Have you ever buried your nose in a fabulous rose? Imagine the experience magnified a hundred times...Take away the musty, earthy odor, for this is a new, waxy rose, its petals still tightly wrapped together, yet the godly scent is flowing unfaltering, unstoppable out of its calyx. Yes, Nahema starts out with a triple dose of rose, heady and determined, but the top notes are soon joined by bergamot and tangerine. In no way does my mind’s eye leave the mystical rose garden yet though. Their citrusy scent, instead of making the mental imagery diverge, consolidates the grandeur of the flower. The notes blend so well I am instead left imagining dried rosehip, with its distinctive citrusy tang. The base notes of sandalwood and vetiver are not far behind, making an early appearance, somehow preceding the middle notes, helping the image complete itself as my nose follows the shape of the plant to its woody base. It is not an outline of a rose; it is no plain sketch. This is the living bush, three-dimensional and glorious. In the drydown, any freshness our rose had is strangled, dying the sweetest death in the enveloping embrace of the narcotic, oily passion of ylang-ylang; a passion enhanced by the fragrance of overripe, juicy peach. And this is the only thing that rouses me from my focus on the rose... It makes me rise to my feet in my imaginary rose garden with eyes half-closed, beckoned by the heavy trail that somehow manages to refrain from being either oppressing, or cloying. It is an intense, sweet but never saccharine, inebriating trail I just have to follow. All I know when I am conscious of my thoughts again is that I am left in liquid, dangerous darkness. It is then I realize that the rose garden was never set in dusk; it was all an illusion. Darkness all around, Nahema operates in the night. I had been blind. There are no flowers around, just the lingering scent of a mysterious woman. A woman with red lipstick and dark clothes, layers upon layers of beautifully cut, couturier clothes and silk stockings. It will take a man precious time to undress her, precious time relishing the peeling of every single garment, every string of pearls. The only thing he will not be able to strip her of is her savage perfume, a scent that’ll haunt him.

Picture courtesy of

Wednesday, May 2, 2007

Perfume Tip : Improving the staying power of your perfume

Most of the perfumes I wear are strong enough to not require layering to improve their sillage and staying power. Yet others, are so soft and subtle I can barely smell them half an hour after application. I normally do not layer products; not only because of sometimes being unable to find matching body products for the perfumes I’d like to enhance, but also because oftentimes I suspect the matching body lotion or powder alters the fragrance in a subtle yet important way. Of course, this could very well be my imagination, but there you have it. A tip we often hear is to moisturize, moisturize, moisturize, for well-moisturized skin will hold perfume longer. The opposite is also true: perfume will disappear quickly from dry skin. That is a good piece of advice, but what is the right moisturizer to use? If you are like me, you won’t find the idea of using a scented lotion appealing. I always fear the perfume will be altered in some way due to the scent of my moisturizer. The solution then has to be unscented moisturizer, and today I’d like to offer a couple of suggestions, in case you’ve been having trouble finding one.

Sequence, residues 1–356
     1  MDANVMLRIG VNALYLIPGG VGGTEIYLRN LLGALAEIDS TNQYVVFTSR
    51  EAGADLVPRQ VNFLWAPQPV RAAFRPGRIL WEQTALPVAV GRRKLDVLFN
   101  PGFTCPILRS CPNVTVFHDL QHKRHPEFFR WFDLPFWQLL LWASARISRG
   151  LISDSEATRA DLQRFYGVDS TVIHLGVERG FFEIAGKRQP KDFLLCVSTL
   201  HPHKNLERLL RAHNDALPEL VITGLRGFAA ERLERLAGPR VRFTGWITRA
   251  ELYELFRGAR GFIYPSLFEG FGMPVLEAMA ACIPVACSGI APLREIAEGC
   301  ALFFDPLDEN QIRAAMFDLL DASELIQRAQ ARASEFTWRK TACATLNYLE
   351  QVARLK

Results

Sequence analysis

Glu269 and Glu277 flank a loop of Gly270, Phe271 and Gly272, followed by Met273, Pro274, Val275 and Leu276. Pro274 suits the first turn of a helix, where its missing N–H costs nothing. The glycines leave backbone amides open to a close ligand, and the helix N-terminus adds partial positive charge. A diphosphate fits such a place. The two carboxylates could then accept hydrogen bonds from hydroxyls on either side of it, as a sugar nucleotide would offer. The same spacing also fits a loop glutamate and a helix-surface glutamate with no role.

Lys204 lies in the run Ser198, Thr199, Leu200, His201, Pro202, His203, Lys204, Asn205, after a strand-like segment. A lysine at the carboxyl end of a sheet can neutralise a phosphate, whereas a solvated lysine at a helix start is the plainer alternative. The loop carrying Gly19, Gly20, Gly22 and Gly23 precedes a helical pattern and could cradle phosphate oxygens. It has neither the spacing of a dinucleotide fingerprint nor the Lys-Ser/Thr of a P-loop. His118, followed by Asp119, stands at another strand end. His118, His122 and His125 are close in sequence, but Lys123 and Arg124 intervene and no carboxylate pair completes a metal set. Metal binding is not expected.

The one I swear by is Enydrial Emollient Body Balm by Roc. This is a completely scent-free body balm that nourishes and repairs. It is also recommended for very dry skin and is gentle enough even for babies. Clinique also offers a fragrance-free moisturizer, but I do not recommend that one because I find it is (paradoxically) not completely scent-free. Another solution is to buy Extra Virgin Coconut Oil. You need to make sure it is refined. Unrefined coconut oil retains the smell of coconut and will lightly perfume your body, so you definitely need refined coconut oil, which is completely odorless. Conversely, coconut oil does wonders for the hair, as it is one of the few oils that can penetrate the hair shaft, nourishing it from within. It is also excellent for rubbing into nails. If you do decide to use it on your hair, make sure you use the right amount – a little goes a long way. You only need to scrape a tiny bit with your thumbnail and melt it between your hands by rubbing them together before oiling your hair. Using a bigger amount will result in oily hair, which is probably not the outcome you were looking for. Do share with me if you have any extra tips for fragrance-free moisturizing products!

Coconut picture courtesy of

Tuesday, May 1, 2007

Trouble by Boucheron : Perfume Review

Boucheron released Trouble in 2004 and it has been marketed as a sensual, provocative floral-oriental. Trouble is indeed an oriental scent, but unfortunately it does not have the come-hither potential most of its oriental siblings possess. It starts out with a strong burst of citrus that quickly takes on a sugared quality that brings to mind strong, rich lemon hard-candy. The citrus continues to develop undeterred, like scratched lemon rind and combines with the herbaceous smell of digitalis, the poisonous foxglove also known as witch’s bells. There is a certain essential oil quality in this stage, with traces of crushed citrus leaves. The flowery middle note of jasmine is only a hint, overshadowed by the addition of rosewater and vanilla. The woody base notes are also discernible quite early on, and along with the blue cedar, I can definitely smell sweet palisander wood, which is possibly the sexiest note in the mixture. It is a very strong perfume and a little goes a long way. I get a lot of sillage out of it and its staying power is excellent. I see this as a fragrance with no age restrictions. Truth be told, this is how I feel about most perfumes, with very few exceptions. But I felt I should note this especially for Trouble, as the term “oriental” often serves as a deterrent for younger girls. I feel this is a good initiation perfume in the genre, which can be worn equally comfortably (and with as much success) by both very young and older women.

All in all, Trouble starts out very gourmand, not fully living up to its marketing claims. The dry-down is certainly sexy, but not overtly so. I would not label it as nondescript; it is certainly an interesting perfume, albeit not overly idiosyncratic. To me, this is the perfect perfume to reach for when one needs an oriental in warm weather, as it is both fresh due to its intense citrus character, but also spicy and warm. Having said that, it would still be too rich for daywear. I recommend it as a summer nighttime fragrance.

Image Sources: Lemon Tree, my own. Picture of Trouble factice bottle courtesy of